The Top 11 Movie Trailer Songs of 2012

Getty Images/Universal Pictures Composite The Year in Trailer Music

2012 has been a remarkable year for testing the limits of trailers, with studios often oversaturating the market with four or five previews before a film is actually released, putting out teasers for “official” trailers, and even deploying the much-hated “teaser for the teaser.” While this double-tease phenomenon has been the lowlight in the world of movie previews this year, a high point has been the music that has accompanied the trailers.

It’s not simply acoustic guitar into electric guitar with a voice-over anymore. Or just “O Fortuna” or “Gimme Shelter” over and over again. (Well, there was Flight, but …) Major artists are getting involved, new artists are breaking into the mainstream by way of their inclusion in a big movie’s trailer and, in many cases, a trailer (and a film) would be nothing without the wise decision to incorporate the perfect song.

They weren’t all good, though. Magic Mike using Rihanna’s “We Found Love” was a pretty noticeable low point, as was, surprisingly, every time Jay-Z found his way onto a trailer, from G.I. Joe: Retaliation (“Don’t Let Me Die”) to 42 (“Brooklyn Go Hard”) to Gangster Squad (“Oh My God”). Perhaps the worst offense, however, goes to one of the better songs, with Resident Evil: Retribution teasing the audience with “Baba O’Reilly” before transforming into something completely unspeakable.

Thankfully, there were fantastic moments. Sometimes the entire trailer contained a song that held it up from beginning to end, others began amazingly with a song, and then there were those that made a transition halfway through, completely adjusting the way the viewer perceived the film, for the better. The following are the best of the best. Eleven to be exact, because why not?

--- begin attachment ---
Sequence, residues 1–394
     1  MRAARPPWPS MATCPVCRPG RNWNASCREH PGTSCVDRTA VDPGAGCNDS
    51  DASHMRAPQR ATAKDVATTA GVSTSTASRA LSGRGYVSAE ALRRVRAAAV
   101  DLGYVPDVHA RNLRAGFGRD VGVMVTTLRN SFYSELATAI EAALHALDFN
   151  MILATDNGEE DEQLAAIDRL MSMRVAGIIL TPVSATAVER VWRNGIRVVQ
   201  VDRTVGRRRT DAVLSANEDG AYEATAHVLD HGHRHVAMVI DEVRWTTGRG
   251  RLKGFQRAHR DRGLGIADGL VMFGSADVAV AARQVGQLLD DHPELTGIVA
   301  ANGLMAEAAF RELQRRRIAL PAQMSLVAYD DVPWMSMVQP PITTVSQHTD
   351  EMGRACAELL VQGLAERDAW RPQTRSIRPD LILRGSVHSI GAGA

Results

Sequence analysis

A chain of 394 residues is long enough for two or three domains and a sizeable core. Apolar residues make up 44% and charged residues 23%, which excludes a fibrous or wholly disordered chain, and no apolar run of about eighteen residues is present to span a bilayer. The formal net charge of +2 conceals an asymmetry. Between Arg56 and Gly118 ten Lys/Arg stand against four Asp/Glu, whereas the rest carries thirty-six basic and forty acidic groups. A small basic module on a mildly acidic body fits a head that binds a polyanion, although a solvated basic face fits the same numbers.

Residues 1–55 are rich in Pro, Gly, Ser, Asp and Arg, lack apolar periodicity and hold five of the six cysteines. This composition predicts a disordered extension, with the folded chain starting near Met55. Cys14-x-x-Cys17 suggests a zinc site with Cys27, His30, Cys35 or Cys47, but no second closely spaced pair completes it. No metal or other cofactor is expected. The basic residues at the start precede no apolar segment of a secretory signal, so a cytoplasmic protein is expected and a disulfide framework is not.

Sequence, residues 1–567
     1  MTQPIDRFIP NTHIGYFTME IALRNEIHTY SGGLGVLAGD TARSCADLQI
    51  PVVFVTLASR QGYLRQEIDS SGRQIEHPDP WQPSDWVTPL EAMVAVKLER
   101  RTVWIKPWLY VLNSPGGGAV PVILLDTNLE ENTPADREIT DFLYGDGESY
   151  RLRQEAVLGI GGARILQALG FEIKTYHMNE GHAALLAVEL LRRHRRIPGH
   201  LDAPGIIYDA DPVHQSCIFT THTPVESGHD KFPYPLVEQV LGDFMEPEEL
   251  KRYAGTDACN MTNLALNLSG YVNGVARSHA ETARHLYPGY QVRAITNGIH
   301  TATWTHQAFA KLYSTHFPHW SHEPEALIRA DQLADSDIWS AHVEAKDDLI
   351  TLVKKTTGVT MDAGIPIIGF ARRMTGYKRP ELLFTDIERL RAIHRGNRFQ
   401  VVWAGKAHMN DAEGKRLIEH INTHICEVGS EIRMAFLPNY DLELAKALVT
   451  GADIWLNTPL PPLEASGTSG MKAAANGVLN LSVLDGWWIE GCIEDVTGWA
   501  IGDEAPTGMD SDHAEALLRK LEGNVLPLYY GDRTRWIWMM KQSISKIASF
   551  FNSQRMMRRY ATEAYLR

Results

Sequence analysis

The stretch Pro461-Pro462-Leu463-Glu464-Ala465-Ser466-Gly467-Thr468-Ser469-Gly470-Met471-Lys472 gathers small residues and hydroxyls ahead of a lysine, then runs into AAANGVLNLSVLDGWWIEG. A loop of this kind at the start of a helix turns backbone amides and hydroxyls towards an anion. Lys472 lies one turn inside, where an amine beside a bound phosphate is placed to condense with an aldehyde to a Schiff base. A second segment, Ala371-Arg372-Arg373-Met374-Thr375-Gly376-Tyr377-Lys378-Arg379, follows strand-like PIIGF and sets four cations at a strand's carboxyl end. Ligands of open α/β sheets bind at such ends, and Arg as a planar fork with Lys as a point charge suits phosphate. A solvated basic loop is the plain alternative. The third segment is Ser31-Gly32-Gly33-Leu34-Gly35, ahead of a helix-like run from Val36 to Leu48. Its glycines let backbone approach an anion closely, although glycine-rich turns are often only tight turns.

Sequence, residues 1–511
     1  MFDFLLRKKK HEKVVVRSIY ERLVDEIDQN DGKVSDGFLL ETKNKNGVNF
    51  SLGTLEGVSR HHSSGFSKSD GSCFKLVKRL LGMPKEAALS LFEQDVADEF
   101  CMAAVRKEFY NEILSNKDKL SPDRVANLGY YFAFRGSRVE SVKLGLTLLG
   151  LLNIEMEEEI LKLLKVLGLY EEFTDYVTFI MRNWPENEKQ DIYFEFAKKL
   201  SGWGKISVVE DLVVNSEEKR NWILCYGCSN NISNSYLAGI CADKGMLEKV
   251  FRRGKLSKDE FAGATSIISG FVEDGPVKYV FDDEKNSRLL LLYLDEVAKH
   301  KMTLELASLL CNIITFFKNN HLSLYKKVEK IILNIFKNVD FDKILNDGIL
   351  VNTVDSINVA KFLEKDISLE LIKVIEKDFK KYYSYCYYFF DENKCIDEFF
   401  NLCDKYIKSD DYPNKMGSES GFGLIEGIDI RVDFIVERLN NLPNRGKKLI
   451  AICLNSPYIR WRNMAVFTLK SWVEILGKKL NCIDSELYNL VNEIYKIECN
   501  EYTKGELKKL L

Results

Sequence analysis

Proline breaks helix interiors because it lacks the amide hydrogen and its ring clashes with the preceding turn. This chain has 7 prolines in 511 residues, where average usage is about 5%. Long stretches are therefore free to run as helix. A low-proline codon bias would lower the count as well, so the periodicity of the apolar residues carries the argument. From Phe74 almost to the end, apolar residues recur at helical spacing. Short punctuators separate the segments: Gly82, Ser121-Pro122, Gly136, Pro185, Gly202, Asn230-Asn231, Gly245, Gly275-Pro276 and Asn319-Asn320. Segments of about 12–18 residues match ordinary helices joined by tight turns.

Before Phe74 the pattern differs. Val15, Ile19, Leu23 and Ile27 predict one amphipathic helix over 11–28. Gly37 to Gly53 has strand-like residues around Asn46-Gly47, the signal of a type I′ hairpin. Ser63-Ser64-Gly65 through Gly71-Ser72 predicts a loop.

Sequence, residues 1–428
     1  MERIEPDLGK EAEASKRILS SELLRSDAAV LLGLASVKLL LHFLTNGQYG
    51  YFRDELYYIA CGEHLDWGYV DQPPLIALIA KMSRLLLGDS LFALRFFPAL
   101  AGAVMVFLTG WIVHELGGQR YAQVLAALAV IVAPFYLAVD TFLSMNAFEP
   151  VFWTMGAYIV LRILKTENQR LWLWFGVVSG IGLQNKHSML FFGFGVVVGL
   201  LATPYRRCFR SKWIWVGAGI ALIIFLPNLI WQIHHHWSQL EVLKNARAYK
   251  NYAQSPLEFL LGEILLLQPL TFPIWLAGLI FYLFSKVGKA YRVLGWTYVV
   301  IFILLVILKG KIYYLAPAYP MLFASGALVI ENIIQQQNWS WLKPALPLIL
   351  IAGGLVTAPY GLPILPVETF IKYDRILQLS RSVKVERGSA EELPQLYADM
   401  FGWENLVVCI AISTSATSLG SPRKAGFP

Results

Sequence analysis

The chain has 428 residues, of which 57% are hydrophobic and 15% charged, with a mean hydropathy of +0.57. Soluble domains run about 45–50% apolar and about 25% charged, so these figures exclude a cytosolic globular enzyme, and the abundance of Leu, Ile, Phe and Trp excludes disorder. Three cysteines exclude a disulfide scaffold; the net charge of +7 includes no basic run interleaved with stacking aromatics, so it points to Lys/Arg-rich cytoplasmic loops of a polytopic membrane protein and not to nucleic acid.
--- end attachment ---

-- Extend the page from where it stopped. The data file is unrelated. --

11. Django Unchained: James Brown, “The Big Payback” (0:53)

While I’m quite excited for the film, I haven’t been the biggest fan of the more recent music thrown in the Django trailers. I know, I know, it’s Tarantino, I get it. Just not feeling it. It kind of makes me feel like slavery isn’t over. Go figure. Anyway, of all the choices (especially the Rick Ross track from the third trailer), “The Big Payback” is the one I enjoyed the most. It’s grown on me. And, when taken literally, it’s perfect.

10. Epic: Snow Patrol, “The Lightning Strike (What If the Storm Ends)”

This song, combined with Epic‘s visuals, just transports you to another place, which is the perfect way to utilize a song in the trailer. There’s no way I’m that interested in this purely on plot, but with the song it somehow turns me into a believer.

9. Ted: The Temper Trap, “Sweet Disposition” (0:15)

The purpose here is to trick the audience, and tricked I was the first time I watched the Ted trailer. YOU GOT ME, MACFARLANE. And of all the soft songs to pick from, they picked the softest in “Sweet Disposition.” Bravo.

8. Monsters University: Spandau Ballet, “True” (1:00)

The inclusion of this song, which takes place in the last seconds of the clip, completely makes the trailer. Also, “True” is the best, and that’s especially true when played at a party filled with monsters that are in college.

7. The Art of Rap: Doug E. Fresh (Beat Boxed), “The Show” (1:34)